Marsha Pearce is a scholar, educator and curator based in Trinidad and Tobago. She holds a BA in visual arts and a PhD in cultural studies. Dr. Pearce is a lecturer and Visual Arts Unit coordinator in the Department of Creative and Festival Arts at the University of the West Indies, St Augustine Campus. She has worked as the senior editor and art writer for ARC Caribbean Art and Culture Magazine and is a consulting art editor for Moko Caribbean Arts and Letters Magazine. She has also served on the board of the National Museum and Art Gallery of Trinidad and Tobago. Her research and critical writings about visual culture have been published in several art catalogues as well as peer-reviewed academic journals and books. Her public scholarship includes a collaboration with the National Portrait Gallery London and the British Council for the Americas IN Britain—Caribbean Edition online exhibition project, and her work with the Pérez Art Museum Miami to curate the group show The Other Side of Now: Foresight in Contemporary Caribbean Art. That exhibition is accompanied by an edited book of the same title. Her latest curatorial projects are Caribbean In/securities, a digital group exhibition commissioned by CARICUK (Creative Approaches to Race and In/Security in the Caribbean and UK), and No Words, a solo exhibition installed in Trinidad’s capital city. In the midst of this current pandemic, she led an artist conversation series titled Quarantine and Art.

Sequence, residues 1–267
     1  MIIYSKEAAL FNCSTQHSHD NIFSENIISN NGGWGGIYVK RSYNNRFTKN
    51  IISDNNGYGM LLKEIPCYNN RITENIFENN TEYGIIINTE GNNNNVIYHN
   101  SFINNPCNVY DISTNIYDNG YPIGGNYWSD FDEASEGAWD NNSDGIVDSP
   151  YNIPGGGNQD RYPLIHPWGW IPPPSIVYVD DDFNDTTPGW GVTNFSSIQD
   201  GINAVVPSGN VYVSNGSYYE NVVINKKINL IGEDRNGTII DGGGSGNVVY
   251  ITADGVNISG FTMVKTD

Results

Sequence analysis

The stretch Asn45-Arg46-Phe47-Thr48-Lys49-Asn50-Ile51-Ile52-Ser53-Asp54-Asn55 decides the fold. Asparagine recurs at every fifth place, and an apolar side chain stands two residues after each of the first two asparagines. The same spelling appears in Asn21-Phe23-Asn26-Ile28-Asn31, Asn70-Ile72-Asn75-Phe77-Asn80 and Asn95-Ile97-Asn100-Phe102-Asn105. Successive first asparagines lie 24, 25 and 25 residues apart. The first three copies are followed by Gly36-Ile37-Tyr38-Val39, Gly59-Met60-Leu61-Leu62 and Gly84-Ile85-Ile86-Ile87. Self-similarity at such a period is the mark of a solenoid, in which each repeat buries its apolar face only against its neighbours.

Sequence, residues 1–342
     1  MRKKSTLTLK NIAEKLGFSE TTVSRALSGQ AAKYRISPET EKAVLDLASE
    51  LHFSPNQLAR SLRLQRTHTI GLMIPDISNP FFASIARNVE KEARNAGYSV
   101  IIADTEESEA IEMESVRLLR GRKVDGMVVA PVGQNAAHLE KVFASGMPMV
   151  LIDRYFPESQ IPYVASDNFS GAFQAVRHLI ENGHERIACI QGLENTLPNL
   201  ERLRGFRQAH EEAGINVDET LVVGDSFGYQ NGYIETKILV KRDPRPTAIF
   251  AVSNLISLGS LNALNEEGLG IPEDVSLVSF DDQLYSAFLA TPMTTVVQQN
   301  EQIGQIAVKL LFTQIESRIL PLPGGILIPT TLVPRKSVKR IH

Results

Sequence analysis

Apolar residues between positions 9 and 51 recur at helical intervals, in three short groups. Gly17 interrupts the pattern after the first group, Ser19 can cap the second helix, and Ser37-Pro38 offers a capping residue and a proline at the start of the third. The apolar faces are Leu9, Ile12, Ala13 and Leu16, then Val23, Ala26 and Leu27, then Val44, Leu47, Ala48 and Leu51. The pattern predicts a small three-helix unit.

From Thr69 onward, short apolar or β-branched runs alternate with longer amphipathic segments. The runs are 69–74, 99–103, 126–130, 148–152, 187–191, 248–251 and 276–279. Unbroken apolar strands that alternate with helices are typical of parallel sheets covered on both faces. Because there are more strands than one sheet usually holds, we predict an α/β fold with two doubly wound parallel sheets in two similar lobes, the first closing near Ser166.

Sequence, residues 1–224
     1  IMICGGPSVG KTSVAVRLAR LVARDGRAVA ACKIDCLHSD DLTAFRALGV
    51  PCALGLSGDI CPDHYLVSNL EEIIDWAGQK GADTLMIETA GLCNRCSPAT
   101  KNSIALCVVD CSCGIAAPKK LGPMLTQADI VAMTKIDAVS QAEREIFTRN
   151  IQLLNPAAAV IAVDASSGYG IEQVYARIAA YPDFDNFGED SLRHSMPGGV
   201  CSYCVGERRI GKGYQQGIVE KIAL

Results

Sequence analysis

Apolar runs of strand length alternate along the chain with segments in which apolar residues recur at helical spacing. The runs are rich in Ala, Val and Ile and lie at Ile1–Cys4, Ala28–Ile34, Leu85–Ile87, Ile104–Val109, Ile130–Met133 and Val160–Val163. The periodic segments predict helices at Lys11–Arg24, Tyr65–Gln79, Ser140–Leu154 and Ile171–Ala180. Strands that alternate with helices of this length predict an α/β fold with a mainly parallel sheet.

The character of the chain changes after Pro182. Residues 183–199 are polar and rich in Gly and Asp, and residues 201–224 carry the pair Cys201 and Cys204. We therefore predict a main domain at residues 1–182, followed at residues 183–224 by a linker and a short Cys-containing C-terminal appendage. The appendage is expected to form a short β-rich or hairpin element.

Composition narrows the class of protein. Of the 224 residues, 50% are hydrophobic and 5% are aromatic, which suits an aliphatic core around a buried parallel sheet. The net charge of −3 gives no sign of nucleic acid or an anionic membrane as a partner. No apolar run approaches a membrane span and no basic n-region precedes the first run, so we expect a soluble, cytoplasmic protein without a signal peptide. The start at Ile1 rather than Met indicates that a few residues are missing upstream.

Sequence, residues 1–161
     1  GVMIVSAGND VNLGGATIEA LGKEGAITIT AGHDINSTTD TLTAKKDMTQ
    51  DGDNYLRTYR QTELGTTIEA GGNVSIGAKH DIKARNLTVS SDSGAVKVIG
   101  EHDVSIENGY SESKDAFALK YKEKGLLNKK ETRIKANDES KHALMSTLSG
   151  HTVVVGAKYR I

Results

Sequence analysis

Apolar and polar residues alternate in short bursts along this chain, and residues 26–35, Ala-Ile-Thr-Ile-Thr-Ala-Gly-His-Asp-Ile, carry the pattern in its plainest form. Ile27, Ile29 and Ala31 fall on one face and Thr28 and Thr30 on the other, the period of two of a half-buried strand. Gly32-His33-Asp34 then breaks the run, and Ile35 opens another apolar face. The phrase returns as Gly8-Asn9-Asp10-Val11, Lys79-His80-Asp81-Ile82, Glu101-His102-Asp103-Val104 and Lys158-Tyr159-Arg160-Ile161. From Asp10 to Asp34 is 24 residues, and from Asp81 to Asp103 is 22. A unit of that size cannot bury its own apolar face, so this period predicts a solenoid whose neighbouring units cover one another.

Claire Tancons is a curator, writer, and researcher invested in the postcolonial politics of art production and exhibition. She publishes for and speaks at artistic and academic venues, as well as teaches; she was the inaugural Mellon Global Curatorial Professor at the Graduate Center, City University of New York (2020) and a Visiting Professor for the Curatorial Workshop at the School of Visual Art (2021). Notable curatorial projects include the Emily Hall Tremaine Exhibition Award-winning traveling curatorial and editorial project EN MAS’: Carnival and Performance Art of the Caribbean (2015-2018), Up Hill Down Hall, Tate Modern (2014); Tide by Side, Faena Forum, Miami Beach (2016), and etcetera: a civic ritual, Printemps de Septembre, Toulouse (2017). Long based in New Orleans and recently settled in Paris, Tancons has curated for numerous biennials including those in New Orleans (2008-09); Gwangju (2008); Bénin (2012), Gothenburg (2013), and more recently Sharjah (2019). She is the recipient of grants and awards from the Prince Claus Fund; Foundation for Arts Initiatives and Andy Warhol Foundation among others and is the recipient of a Creative Capital | Andy Warhol Foundation grant for her book Roadworks: Processional Performance in the New Millennium currently underway.